Tax Complexity and Technology

51 Pages Posted: 4 Sep 2020

Date Written: 2020

Abstract

The federal income tax code has become increasingly complex over time with the implication that many taxpayers no longer understand the connection between their life decisions and their taxes. Some commentators have suggested that increasing computational complexity may be attributable in part to the proliferation of tax preparation software that renders such complexity manageable at filing time, but otherwise does nothing to mitigate the “black box” nature of the tax system. While such complexity and opacity undercut explicit incentives embedded in the Code, make planning more difficult, and undermine political accountability for taxes, they may also reduce the inefficient distortion or deadweight loss of the income tax, particularly with respect to higher-income taxpayers.

This Article argues that technology represents a potential response to tax complexity and opacity as well as a contributing factor. It argues that tax planning software can and likely will be used to restore “functional transparency” to the Code, for good or bad, alerting taxpayers to explicit incentives, allowing taxpayers to easily determine the tax consequences of their life decisions, and providing a means for improving fiscal citizenship, but also highlighting tax burdens in such a way as to increase deadweight loss. This Article also makes the case for government provision of planning software targeted at lower-income taxpayers in order to level the planning playing field and improve the take-up of tax incentives by this population, while avoiding facilitating social welfare reducing tax planning by higher-income taxpayers.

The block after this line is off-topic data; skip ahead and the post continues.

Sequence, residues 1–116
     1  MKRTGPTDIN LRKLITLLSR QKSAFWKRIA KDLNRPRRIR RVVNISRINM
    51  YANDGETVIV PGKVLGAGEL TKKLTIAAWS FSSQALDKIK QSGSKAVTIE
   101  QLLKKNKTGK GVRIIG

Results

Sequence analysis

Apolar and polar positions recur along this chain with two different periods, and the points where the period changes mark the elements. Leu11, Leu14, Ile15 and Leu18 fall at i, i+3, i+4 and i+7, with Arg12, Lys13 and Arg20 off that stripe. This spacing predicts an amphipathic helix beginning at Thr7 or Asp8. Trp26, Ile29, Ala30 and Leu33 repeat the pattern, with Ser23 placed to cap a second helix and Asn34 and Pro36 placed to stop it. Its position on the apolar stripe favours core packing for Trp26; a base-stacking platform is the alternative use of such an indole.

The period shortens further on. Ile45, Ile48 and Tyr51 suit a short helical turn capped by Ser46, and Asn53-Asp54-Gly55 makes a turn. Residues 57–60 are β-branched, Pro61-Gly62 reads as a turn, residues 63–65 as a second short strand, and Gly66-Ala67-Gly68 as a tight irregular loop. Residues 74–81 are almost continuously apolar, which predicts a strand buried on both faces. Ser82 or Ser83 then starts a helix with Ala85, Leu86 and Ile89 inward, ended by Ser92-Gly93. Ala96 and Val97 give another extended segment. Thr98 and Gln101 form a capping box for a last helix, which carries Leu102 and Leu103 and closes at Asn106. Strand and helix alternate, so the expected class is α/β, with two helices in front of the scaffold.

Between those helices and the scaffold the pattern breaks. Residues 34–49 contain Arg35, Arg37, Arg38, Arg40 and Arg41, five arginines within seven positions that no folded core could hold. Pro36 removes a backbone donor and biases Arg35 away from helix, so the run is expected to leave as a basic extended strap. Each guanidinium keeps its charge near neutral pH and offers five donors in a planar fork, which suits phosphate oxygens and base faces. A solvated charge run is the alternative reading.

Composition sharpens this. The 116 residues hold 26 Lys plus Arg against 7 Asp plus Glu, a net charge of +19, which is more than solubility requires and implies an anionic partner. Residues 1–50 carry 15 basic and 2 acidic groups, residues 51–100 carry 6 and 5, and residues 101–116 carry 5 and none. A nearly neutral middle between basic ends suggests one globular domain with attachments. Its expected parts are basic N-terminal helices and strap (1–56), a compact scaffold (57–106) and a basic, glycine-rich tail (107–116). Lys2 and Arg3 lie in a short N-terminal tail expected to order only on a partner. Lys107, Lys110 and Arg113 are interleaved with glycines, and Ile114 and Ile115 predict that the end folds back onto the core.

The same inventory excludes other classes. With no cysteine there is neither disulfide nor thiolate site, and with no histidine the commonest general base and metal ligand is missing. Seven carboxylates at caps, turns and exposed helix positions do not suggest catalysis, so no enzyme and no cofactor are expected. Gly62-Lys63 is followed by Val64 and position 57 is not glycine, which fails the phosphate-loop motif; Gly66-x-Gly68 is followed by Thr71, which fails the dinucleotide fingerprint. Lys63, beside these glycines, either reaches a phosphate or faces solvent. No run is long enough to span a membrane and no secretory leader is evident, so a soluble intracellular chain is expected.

Keywords: complexity, opacity, tax planning, excess burden, deadweight loss, black box

JEL Classification: H24, H25, H31, K34

Suggested Citation

Walker, David I., Tax Complexity and Technology (2020). Boston Univ. School of Law, Law and Economics Research Paper No. 20-28, Available at SSRN: https://ssrn.com/abstract=3685329 or http://dx.doi.org/10.2139/ssrn.3685329

David I. Walker (Contact Author)

Boston University School of Law ( email )

765 Commonwealth Avenue
Boston, MA 02215
United States

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